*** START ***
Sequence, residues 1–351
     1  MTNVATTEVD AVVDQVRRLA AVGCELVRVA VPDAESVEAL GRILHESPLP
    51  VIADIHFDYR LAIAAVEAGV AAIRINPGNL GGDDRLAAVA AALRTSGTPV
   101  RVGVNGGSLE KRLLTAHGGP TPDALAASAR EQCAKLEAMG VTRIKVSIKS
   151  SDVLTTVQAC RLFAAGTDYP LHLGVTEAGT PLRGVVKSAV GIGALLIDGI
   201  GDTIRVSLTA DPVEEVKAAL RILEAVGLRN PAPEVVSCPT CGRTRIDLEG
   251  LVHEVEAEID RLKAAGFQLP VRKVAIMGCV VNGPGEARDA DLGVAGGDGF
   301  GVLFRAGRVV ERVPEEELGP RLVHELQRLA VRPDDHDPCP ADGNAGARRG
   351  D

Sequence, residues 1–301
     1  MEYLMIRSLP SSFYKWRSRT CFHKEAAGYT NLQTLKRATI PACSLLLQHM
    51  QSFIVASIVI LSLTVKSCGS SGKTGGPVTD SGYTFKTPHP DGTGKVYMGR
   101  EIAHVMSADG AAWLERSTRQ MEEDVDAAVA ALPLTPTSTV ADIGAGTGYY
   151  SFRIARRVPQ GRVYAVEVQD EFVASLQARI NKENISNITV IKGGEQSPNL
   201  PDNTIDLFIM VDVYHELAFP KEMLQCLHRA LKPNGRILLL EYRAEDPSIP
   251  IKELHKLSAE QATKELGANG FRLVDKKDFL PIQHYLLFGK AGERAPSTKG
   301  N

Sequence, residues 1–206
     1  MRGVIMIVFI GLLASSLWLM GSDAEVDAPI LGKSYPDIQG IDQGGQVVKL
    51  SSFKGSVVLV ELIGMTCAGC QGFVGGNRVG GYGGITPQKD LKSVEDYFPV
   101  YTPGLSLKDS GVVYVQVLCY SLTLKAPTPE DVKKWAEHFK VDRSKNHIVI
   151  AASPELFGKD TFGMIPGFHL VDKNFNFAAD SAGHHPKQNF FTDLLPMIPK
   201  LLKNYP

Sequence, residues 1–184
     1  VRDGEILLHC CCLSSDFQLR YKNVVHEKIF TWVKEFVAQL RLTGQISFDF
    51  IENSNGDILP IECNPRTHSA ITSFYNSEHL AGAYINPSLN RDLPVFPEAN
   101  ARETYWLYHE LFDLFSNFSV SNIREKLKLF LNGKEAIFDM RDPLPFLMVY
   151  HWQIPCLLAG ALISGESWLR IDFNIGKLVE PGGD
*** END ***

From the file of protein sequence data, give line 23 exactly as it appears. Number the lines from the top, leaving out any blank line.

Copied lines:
   201  LLKNYP